Zdzisław Chłopek. 1. Introduction - PDF

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Article citation info: Chłopek Z. Research on energy consumption by an electrically driven automotive vehicle in simulated urban conditions. Eksploatacja i Niezawodnosc Maintenance and Reliability 2013;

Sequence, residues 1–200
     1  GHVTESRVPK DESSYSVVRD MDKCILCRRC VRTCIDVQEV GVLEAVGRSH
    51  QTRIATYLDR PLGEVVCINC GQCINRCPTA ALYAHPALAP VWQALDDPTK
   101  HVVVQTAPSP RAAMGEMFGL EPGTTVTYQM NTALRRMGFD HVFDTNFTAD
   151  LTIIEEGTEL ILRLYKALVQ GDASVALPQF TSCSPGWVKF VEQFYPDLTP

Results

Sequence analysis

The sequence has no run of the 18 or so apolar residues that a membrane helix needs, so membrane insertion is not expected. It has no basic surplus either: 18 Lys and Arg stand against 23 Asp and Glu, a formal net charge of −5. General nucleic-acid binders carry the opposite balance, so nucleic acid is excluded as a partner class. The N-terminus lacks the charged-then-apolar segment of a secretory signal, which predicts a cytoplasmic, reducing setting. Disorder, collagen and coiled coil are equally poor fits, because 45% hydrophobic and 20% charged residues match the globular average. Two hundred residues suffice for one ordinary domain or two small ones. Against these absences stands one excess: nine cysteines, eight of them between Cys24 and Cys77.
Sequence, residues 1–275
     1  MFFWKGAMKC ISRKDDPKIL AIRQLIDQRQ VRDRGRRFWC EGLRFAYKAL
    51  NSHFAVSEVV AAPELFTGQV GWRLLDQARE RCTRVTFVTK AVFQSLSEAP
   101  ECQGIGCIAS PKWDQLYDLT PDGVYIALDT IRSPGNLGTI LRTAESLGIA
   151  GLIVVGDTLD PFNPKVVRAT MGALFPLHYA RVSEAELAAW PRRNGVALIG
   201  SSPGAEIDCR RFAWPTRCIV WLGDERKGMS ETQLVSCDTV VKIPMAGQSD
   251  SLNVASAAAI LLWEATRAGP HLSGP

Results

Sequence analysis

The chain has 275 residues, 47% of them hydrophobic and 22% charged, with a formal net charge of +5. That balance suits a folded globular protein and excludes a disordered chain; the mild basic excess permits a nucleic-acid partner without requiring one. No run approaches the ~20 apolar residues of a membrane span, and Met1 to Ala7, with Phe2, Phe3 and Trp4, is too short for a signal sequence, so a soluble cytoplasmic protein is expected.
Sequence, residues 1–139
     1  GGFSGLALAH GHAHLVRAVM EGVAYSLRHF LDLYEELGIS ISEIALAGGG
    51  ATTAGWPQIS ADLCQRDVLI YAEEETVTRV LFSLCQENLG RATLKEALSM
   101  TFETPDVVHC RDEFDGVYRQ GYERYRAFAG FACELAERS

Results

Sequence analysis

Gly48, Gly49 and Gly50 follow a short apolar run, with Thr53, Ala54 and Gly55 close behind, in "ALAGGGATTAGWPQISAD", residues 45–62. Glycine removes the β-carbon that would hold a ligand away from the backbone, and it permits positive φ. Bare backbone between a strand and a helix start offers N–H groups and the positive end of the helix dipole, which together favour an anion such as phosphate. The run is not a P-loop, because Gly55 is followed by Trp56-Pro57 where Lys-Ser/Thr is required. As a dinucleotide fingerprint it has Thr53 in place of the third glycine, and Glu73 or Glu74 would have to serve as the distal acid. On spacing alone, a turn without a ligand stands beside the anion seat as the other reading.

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Article citation info: Chłopek Z. Research on energy consumption by an electrically driven automotive vehicle in simulated urban conditions. Eksploatacja i Niezawodnosc Maintenance and Reliability 2013; 15 (1): Zdzisław Chłopek Research on energy consumption by an electrically driven automotive vehicle in simulated urban conditions Badania zużycia energii przez samochód elektryczny w warunkach symulujących jazdę w mieście* In recent years, dynamic development of electric drives in automotive applications has been taking place. Electrically driven vehicles are considered to offer a possibility of solving the most important ecological problems posed by motorisation. The paper presents results of testing the energy consumption by an electric car in conditions corresponding to actual operation of such vehicles, i.e. at drive tests where urban, extra urban, and traffic jam conditions were simulated. The disitance energy consumption and total vehicle efficiency were determined at drive tests. An energy consumption characteristic was determined in pseudorandom conditions of urban operation of the car, with employing the Monte Carlo method for this purpose. Keywords: electric car, energy consumption, efficiency. W ostatnich latach następuje dynamiczny rozwój napędów elektrycznych w motoryzacji. W samochodach elektrycznych upatruje się możliwości rozwiązania najważniejszych problemów ekologicznych motoryzacji. W pracy przedstawiono wyniki badań zużycia energii przez samochód elektryczny w warunkach odpowiadających rzeczywistej eksploatacji takich pojazdów, mianowicie w testach jezdnych symulujących ruch w miastach, poza miastami, a także w zatorach drogowych. Wyznaczono drogowe zużycie energii i sprawność ogólną pojazdu w testach jezdnych. Wyznaczono charakterystykę zużycia energii w warunkach pseudoprzypadkowych użytkowania samochodu w mieście. Wykorzystano do tego celu metodę Monte Carlo. Słowa kluczowe: samochód elektryczny, zużycie energii, sprawność. 1. Introduction Motorisation poses significant hazards to the environment. A considerable part of these hazards is connected with using combustion engines to power automotive vehicles. The most conspicuous hazards include exhaust and noise emissions and using up of the natural resources necessary for the production of liquid and gaseous fuels. The use of electric motors for automotive applications makes it possible to eliminate exhaust emissions along transport routes and to reduce noise emission, because it is generally known that this has been made possible by the present day technologies of electric drives [10, 14, 16, 26]. At the same time, however, we must be aware of the fact that the platitudinous term zero emission vehicles is only a populist expression having merely a propaganda value and being of not very high standard at that. Firstly, there are a number of automotive pollutant sources other than the combustion engine, e.g. dust emission sources such as various tribological pairs in the vehicle, interaction between tyres and road surface, or stirring up of road dust [4]. Secondly, a vehicle powered by an electric motor does not emit combustion gases, but the generation of the electric energy used to power the vehicle results in environmental pollution, too. The electricity generation is still based to a considerable extent on the combustion of fossil fuels, predominantly hard coal. Moreover, the technologies of electricity generation with the use of hard coal are not, in many cases, adequately clean; therefore, not only the greenhouse gas emissions but also the emissions of pollutants harmful to human heath cannot be thus avoided. Obviously, a solution of the future is the use of renewable energy, chiefly the energy directly obtained from solar radiation (photoelectric cells), and nuclear energy; particularly high hopes are placed on the use of nuclear fusion [20]. To assess the pollutant emissions from automotive vehicles during the whole cycle of production and use of energy carriers, the Well-to-Wheel analysis, i.e. the analysis from the source (of an energy carrier) to the wheel (of a vehicle), may be employed [25, 27]. This cycle is divided into two stages, namely Well-to-Tank, i.e. from the source to the tank (of the energy carrier in the vehicle), and Tank-to-Wheel, i.e. from the tank to the wheel [25]. Another issue is the evaluation of the environmental benefits gained from the application of electric drives to automotive vehicles, carried out with employing the Life Cycle Impact Assessment (LCIA) method 1 [12]. In this method, not only the information obtained by inventorying the energy and pollutant emissions but also specific environmental hazards such as eutrophication, acidification, noise, vibrations, smog, electromagnetic radiation, dust, land-use change, damage 1 In the English to Polish translation, it has become a common but incorrect and reprehensible practice to use the term życie (literally life ), borrowed from English, in relation to objects other than organisms, and not only in official documents but also in scientific publications at that! According to the Dictionary of the Polish Language, życie is an organism s state consisting in an uninterrupted train of processes making it possible for the organism to react to stimuli and, usually, to move. According to the Encyclopaedia issued by Państwowe Wydawnictwo Naukowe (Polish Scientific Publishers PWN), życie is a biological phenomenon, complex and multidimensional, which cannot be described with the use of one simple definition. This phenomenon is exclusively known from the Earth; in this context, it is defined as having two basic meanings: it describes the state of a substance (referred to as an organism) that lasts from the coming up (birth) of the organism till the end of its individual existence, i.e. its death in most cases, or it describes the dynamic process that began on the Earth about 3.8 billion years ago and covered all the organisms that existed in the past and live now and derive from one initial form, including any mutual interrelationships and dependencies and their environmental impact. The fact that the term life is used in English in the meaning of existence does not entitle the Poles to disregard the culture of the Polish language and to translate this term as życie (incorrect, literally life ) instead of istnienie (correct, literally existence ). (*) Tekst artykułu w polskiej wersji językowej dostępny w elektronicznym wydaniu kwartalnika na stronie Eks p l o a t a c j a i Ni e z a w o d n o s c Ma i n t e n a n c e a n d Reliability Vo l.15, No. 1, to resources, e.g. water and raw materials used to produce fossil fuels, climate changes, ozone layer depletion, etc., are taken into account [12]. With respect to automotive vehicles, the LCIA method makes it possible to assess their environmental impact at all the vehicle existence stages, from production through operation right to the management of the vehicles when worn-out. Such an analysis may also cover the vehicle operation infrastructure. When the life cycle impact assessment method is applied to electrically driven automotive vehicles, many factors that are very harmful to the environment, especially the production and use of batteries and the management of the batteries that have been withdrawn from service, should be taken into consideration [1, 11, 13, 16, 18, 21, 27]. This cautious approach to the problem of electric vehicles is by no means inconsistent with the dynamic work on development of electric drives not only in small passenger cars but also in commercial vehicles [1, 8 11, 13 16, 18, 21 23, 26, 27] and in single track vehicles [24]. An important problem is the evaluation of energy consumption by electric vehicles in conditions corresponding to the typical conditions in which such vehicles are actually used. At the current state of technical development, electric vehicles are thought of as being chiefly intended for urban traffic [1, 3, 8 11, 14 16, 18, 21 23, 26, 27]. In this connection, the conditions corresponding to the actual operation of electric vehicles represent urban traffic inclusive of special cases, i.e. the traffic in central urban areas and in suburbs. In this study, the traffic models to represent the actual electric vehicle operation conditions were adopted in accordance with the European UDC (Urban Driving Cycle) and American FTP-75 (Federal Transient Procedure) type approval tests, see Figs. 1 and 2, respectively [28]. The UDC test is a typical model of the driving of passenger cars and light duty goods vehicles in towns, while the FTP-75 test covers both the urban and suburban traffic conditions. The test program described herein was Fig. 3. The Stop and Go test additionally extended by adding to it the Stop-and-Go test procedure, which represents the street jam traffic type, Fig. 3 [2, 6]. The traffic models adopted cover most of the passenger car traffic conditions occurring in urban areas. 2. The system of quantities adopted to describe the energy consumption by an electric vehicle The system of quantities adopted to describe the energy consumption by an electric vehicle has been presented below. For an electric vehicle without braking energy recuperation, the efficiency system is defined as follows: efficiency of the vehicle drive: η D R = N N T (1) efficiency of the battery charging: η CH T = N N CH (2) total efficiency: ηg = ηch ηd (3) Fig. 1. The UDC test where: N T electric vehicle drive power; N R resistance to motion 2 power; N CH battery charging power. For an electric vehicle with braking energy recuperation, the efficiency system is defined as follows. efficiency of the vehicle drive: N η R D = NT NU (4) efficietncy of the braking energy recuperation: η U U = N N B (5) Fig. 2. The FTP 75 test 2 The term resistance to motion should be understood in this context as the phenomenon rather than the forces. 76 Eks p l o a t a c j a i Ni e z a w o d n o s c Ma i n t e n a n c e a n d Reliability Vo l.15, No. 1, 2013 where: N B electric machine braking power; N U braking energy recuperation power. The distance energy consumption is defined as derivative of the energy consumed relative to the distance travelled. In particular: for an electric vehicle without braking energy recuperation, it is: A schematic diagram of the power flow in the powertrain 3 of an electric vehicle with electricity recuperation has been shown in Fig. 4. dl s c = ds T ( ) (6) where: s distance travelled by the vehicle; L T (s) work of the electric vehicle drive as a function of the distance travelled. for an electric vehicle with braking energy recuperation, the distance energy consumption is: ( ( ) ( )) d LT s LU s c = (7) ds where: L U (s) braking energy recuperated as a function of the distance travelled. The average value of the distance energy consumption for the test is defined by the following formulas. for an electric vehicle without braking energy recuperation, it is: () () L AV N t c T T AV = = (8) s AV vt where: t time; L T work done by the electric drive of the vehicle during the test with test duration time t f, see below: tf LT = NT() t dt 0 s distance travelled by the vehicle during the test, see below: s tf v t dt 0 = () (9) (10) AV averaging operator. for an electric vehicle with braking energy recuperation, the distance energy consumption is: L L AV N t AV N t c T U T U AV = = () () (11) s AV vt where: L U braking energy recuperated during the test, see below: tf LU = NU() t dt 0 () (12) Fig. 4. Schematic diagram of the power flow in the powertrain of an electric vehicle with electricity recuperation. Legend: CH battery charging system; A battery; D vehicle driving system; U braking energy recuperation system; NCH battery charging power; NT electric vehicle drive power; NR resistance to motion power; NB electric machine braking power; NU braking energy recuperation power Noteworthy is the fact that the energy balance in the driving system of a vehicle determines whether the vehicle state is static, i.e. the vehicle moves with a constant speed, or dynamic, i.e. the vehicle accelerates or decelerates. The electric machine braking power differs from the total vehicle braking power because the latter additionally includes the power dissipated in the braking system by friction brakes. A part of the electric machine braking power may be recuperated: the electric energy recovered during the braking process may be stored in the battery. 3. Results of empirical tests of an electric vehicle carried out on a chassis dynamometer Empirical tests of the energy consumption by an electric vehicle were carried out on a chassis dynamometer at the Environmental Protection Centre of ITS (Motor Transport Institute) [3]. The test specimen was an electric passenger car Zilent Courant, made in the People s Republic of China. In the Zilent Courant car, the electric motors were exclusively powered from a battery of electric storage cells. The vehicle powertrain had no braking energy recuperation system. The vehicle running mass was kg. The power rating of the vehicle s electric motor was 8.5 kw. The car was provided with 10 maintenance free lead acid batteries, each of 12 V and 100 Ah rated voltage and capacity, respectively. The maximum and economical speed of the car was 85 km/h and 40 km/h, respectively. The vehicle range when driven at the economical speed was claimed as not less than 150 km. The car tested was classified in the category of vehicles of simple construction. It was provided with neither battery systems of new generation nor braking energy recuperation system. The utility indicators did not qualify the car tested to the category of modern electric vehicles, either. The vehicle range was short, the maximum speed was low, and the dynamic characteristics of the vehicle were all the more unsatisfactory. These features had an effect on the sceptical opinion about the passive safety and comfort of use of the vehicle. The tests were carried out on a single-roller chassis dynamometer with controlled load characteristics, manufactured by AVL-Zöllner [3]. The parameters measured during the tests carried out on the chassis dynamometers included: vehicle speed measured on the chassis dynamometer roller; voltage of the battery set; 3 The term driving system is to be understood, consistently with the traditional meaning adopted in automotive sciences, as the system to transmit mechanical energy from the motor to the road wheels of a vehicle ( power transmission system ). The driving system taken together with the motor and the energy storage reservoir is referred to in this paper as powertrain. Eks p l o a t a c j a i Ni e z a w o d n o s c Ma i n t e n a n c e a n d Reliability Vo l.15, No. 1, current in the electric drive wiring of the vehicle. The characteristic curve of the power absorbed by the chassis dynamometer was identified based on empirical vehicle coast down tests [3]. The signals representing the quantities measured were recorded with 1 s sampling time. Each signal value recorded constituted an averaged result of a series of 10 measurements carried out with 0.1 s time intervals. The signals recorded were preliminarily processed to eliminate gross errors and to reduce the share of high frequency noise. The gross errors were searched by analysing the current signal variance. To reduce the share of high-frequency noise in the signals recorded, the signals were subjected to low pass filtration, with a Golay-Savitzky filter being used, where both-side approximation from 2 data points on each side to a polynomial of degree 2 was applied. Results of the empirical vehicle tests carried out to the Stop-and- Go test procedure have been presented in Figs. 5 and 6. The former shows time histories of the current drawn from the battery set and of the voltage measured on the battery set terminals while time histories of the electric vehicle drive power and of the resistance to motion power can be seen in the latter. Fig. 8. Electric vehicle drive power and resistance to motion power vs. time, at the UDC test Fig. 9. Current drawn from the battery set and voltage measured on the battery set terminals vs. time, at the FTP 75 test Fig. 5. Current drawn from the battery set and voltage measured on the battery set terminals vs. time, at the Stop and Go test adopting of the battery charging efficiency. The vehicle drive and battery charging processes do not take place at the same time; therefore, the notion of total vehicle efficiency is rather symbolic and, in principle, the total efficiency may only be evaluated in the conditions of energy balance. The battery charging efficiency values that can be found the literature significantly differ from each other, depending on battery type. As an example, the battery charging efficiency has been specified in publication [10] as 0.86, while significantly lower values, even of the order of 0.6, were recorded for lead acid batteries at the tests described in report [3]. Finally, the battery charging efficiency value was assumed as 0.65 for the purposes of the analyses presented herein. The total vehicle efficiency values as recorded at specific tests have been shown together in Fig. 11. Fig. 6. Electric vehicle drive power and resistance to motion power vs. time, at the Stop and Go test Results of the empirical vehicle tests carried out to the UDC test procedure have been presented in Figs. 7 and 8. Results of the empirical vehicle tests carried out to the FTP-75 test procedure have been presented in Figs. 9 and 10. Based on the experimental tests, the total vehicle efficiency was determined. The total efficiency was calculated as the product of efficiency of the vehicle drive and efficiency of the battery charging. The efficiency of the vehicle drive was determined from empirical tests carried out. However, a problem was encountered with correct Fig. 10. Electric vehicle drive power and resistance to motion power vs. time, at the FTP 75 test 78 Eks p l o a t a c j a i Ni e z a w o d n o s c Ma i n t e n a n c e a n d Reliability Vo l.15, No. 1, 2013 Fig. 11. Total vehicle efficiency as determined from the Stop and Go, UDC, and FTP 75 tests Fig. 12. Average distance energy consumption as determined at the Stop and Go, UDC, and FTP 75 tests Fig. 13. Average distance energy consumption as determined in the dynamic states of positive and negative acceleration at the Stop and Go test Fig. 15. Average distance energy consumption as determined in the dynamic states of positive and negative acceleration at the FTP 75 test The total vehicle efficiency values recorded at the tests carried out for type approval purposes are similar to each other, although the tests significantly differed from each other in their dynamic parameters. However, these tests show much closer similarity to each other than to the Stop-and-Go test in respect of the average speed values. A considerably lower value of the total vehicle efficiency was recorded at the Stop-and-Go test, characterised by frequent acceleration and deceleration, with the average vehicle speed being about 5.8 km/h. The specific conditions of this test are likely to cause much higher energy losses. A similar situation can also be observed in the case of automotive vehicles powered with combustion engines [2, 6]. The average distance energy consumption has been presented in Fig. 12. Fig. 14. Average distance energy consumption as determined in the dynamic states of positive and negative acceleration at the UDC test The average distance energy consumption values were similar to each other at the Stop-and-Go and FTP-75 tests, while this value recorded at the UDC test was visibly lower. This is probably related to the dynamic characteristics of the speed programs followed during the tests carried out. The FTP-75 and Stop-and-Go test programs are more dynamic in comparison with that